Bill's Transcripts

Doortsop: Canberra





SUBJECT/S: Mental health; Abbott Government’s cuts to Medicare; Qantas; Craig Thomson; Manus Island.


BILL SHORTEN, LEADER OF THE OPPOSITION: Good afternoon. It is great to be at the launch of the BeyondBlue bus tour which helps raise awareness of mental health problems and indeed, the availability of solutions and support for people living with mental illness or indeed, families seeking help for loved ones. This is a great initiative today. It is bipartisan, I totally support what the Prime Minister and Jeff Kennett had to say about the importance of dealing with mental illness in our communities. I think in fact it’s important as we wait with some eagerness for the Government's drought package, that there is consideration given to some of the mental health pressures that our farmers and people living and working on the land face. Mental illness can effect anyone, doesn’t matter what your income is, or where you live in Australia. This is an important issue which the national parliament, quite rightly, is united behind tackling. I’m happy to take any questions.


REPORTER: Bill, on the issue of this apology in parliament regarding Craig Thomson, is it over the top?


SHORTEN: We will be supporting the resolution. We do think that what Craig Thomson has done is a disgrace. It is a betrayal of his members, it’s a betrayal of the unionists everywhere and it is conduct which puts them beyond the pale. So Labor will be supporting thi resolution.


REPORTER: Do you regret that Labor stood by him for so long?


SHORTEN: We certainly believe that no one is above the you're law. It doesn't matter if you're a union rep or a business person or a politician. What Craig Thomson has been found by the court to have done is disgraceful and it is a betrayal of what Labor stands for.


REPORTER: Given the problems that Qantas is facing and this $300 million loss they are expected to post on Thursday, should Alan Joyce fall on his sword?


SHORTEN: I am not going to get into management bashing here. What is important to Labor is that jobs are saved. What is important to Labor is that we have a national aviation carrier which remains in majority Australian hands. Clearly Qantas has got very difficult issues to face. Labor waits with great interest what the that Government will do. We do note however that they have said they are going to amend the Qantas Sale Act which will allow potentially foreign governments to buy the airline. Eight out of the 10 top airlines in the world are owned by foreign governments. Labor doesn't see why Australia should hand away a national icon to a foreign government. In addition, the Sales Act guarantees or requires jobs be kept in Australia. Labor is most concerned if the Abbott Government's plan for jobs is to sell our national icon offshore and to send thousands and thousands of jobs offshore. That is not a plan for Australian jobs.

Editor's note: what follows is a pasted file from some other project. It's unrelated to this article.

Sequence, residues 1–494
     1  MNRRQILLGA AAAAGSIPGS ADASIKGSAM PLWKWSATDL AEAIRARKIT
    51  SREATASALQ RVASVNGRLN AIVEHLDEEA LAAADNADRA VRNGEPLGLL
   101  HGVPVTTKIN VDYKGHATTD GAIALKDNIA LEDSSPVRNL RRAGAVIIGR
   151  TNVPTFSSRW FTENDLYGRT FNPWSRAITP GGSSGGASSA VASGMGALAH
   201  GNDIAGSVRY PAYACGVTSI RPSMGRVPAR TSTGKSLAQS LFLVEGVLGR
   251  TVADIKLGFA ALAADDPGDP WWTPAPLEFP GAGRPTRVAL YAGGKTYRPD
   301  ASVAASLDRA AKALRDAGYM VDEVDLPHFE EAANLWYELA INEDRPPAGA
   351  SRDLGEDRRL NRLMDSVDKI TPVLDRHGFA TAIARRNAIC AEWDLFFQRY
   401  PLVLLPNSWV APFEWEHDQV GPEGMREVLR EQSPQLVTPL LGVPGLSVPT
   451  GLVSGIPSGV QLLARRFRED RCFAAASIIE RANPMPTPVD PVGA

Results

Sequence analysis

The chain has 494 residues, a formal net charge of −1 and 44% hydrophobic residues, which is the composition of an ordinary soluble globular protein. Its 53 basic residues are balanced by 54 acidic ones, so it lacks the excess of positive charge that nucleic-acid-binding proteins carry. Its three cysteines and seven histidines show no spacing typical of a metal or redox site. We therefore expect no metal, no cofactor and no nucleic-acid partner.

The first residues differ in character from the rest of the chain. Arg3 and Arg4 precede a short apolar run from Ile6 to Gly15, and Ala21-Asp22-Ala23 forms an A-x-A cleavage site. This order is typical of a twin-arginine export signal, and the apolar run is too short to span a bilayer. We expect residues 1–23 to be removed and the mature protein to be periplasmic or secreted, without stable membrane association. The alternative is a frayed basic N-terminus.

REPORTER: Do you agree with your Senate colleague Sue Lines that Scott Morrison has blood on his hands?


SHORTEN: There is no doubt that what is happening at Manus Island is a tragedy. There is no doubt that there should be a full and independent inquiry. What Tony Abbott does with his ministers is a matter for him. But clearly the high jump bar is pretty low for ministerial responsibility.


REPORTER: Does he have blood on his hands?


SHORTEN: I believe that what happens with Minister Morrison is up to Tony Abbott. It raises the question though, what does an Abbott Government minister have to do to be sacked?


REPORTER: The Prime Minister just told us that despite his speech last night about the need to rein in spending on health and education, he is going to stick to his election commitments which would seem that he won't be cutting health or education in the next three years?


SHORTEN: The Prime Minister has already started the process of cutting healthcare and I might ask my colleague Catherine King to further answer this question. But let me be very clear about where Labor stands. Healthcare in this country should depend on your health needs, not what you can afford to pay. The Abbott Government's championing of a GP tax which increases the cost of living, which makes it more difficult for sick people, and more expensive for sick people to seek the health care they need, that is not the Labor way. Medicare is a great Australian institution and we should not go down the American path where the people who can get the best quality healthcare are the richest people in the country. Labor believes in universal, accessible healthcare. The Abbott Government is itching to further cut healthcare and to attack Medicare, and Labor will stand up for healthcare in this country and Medicare. I might ask my colleague Catherine King to further answer that question.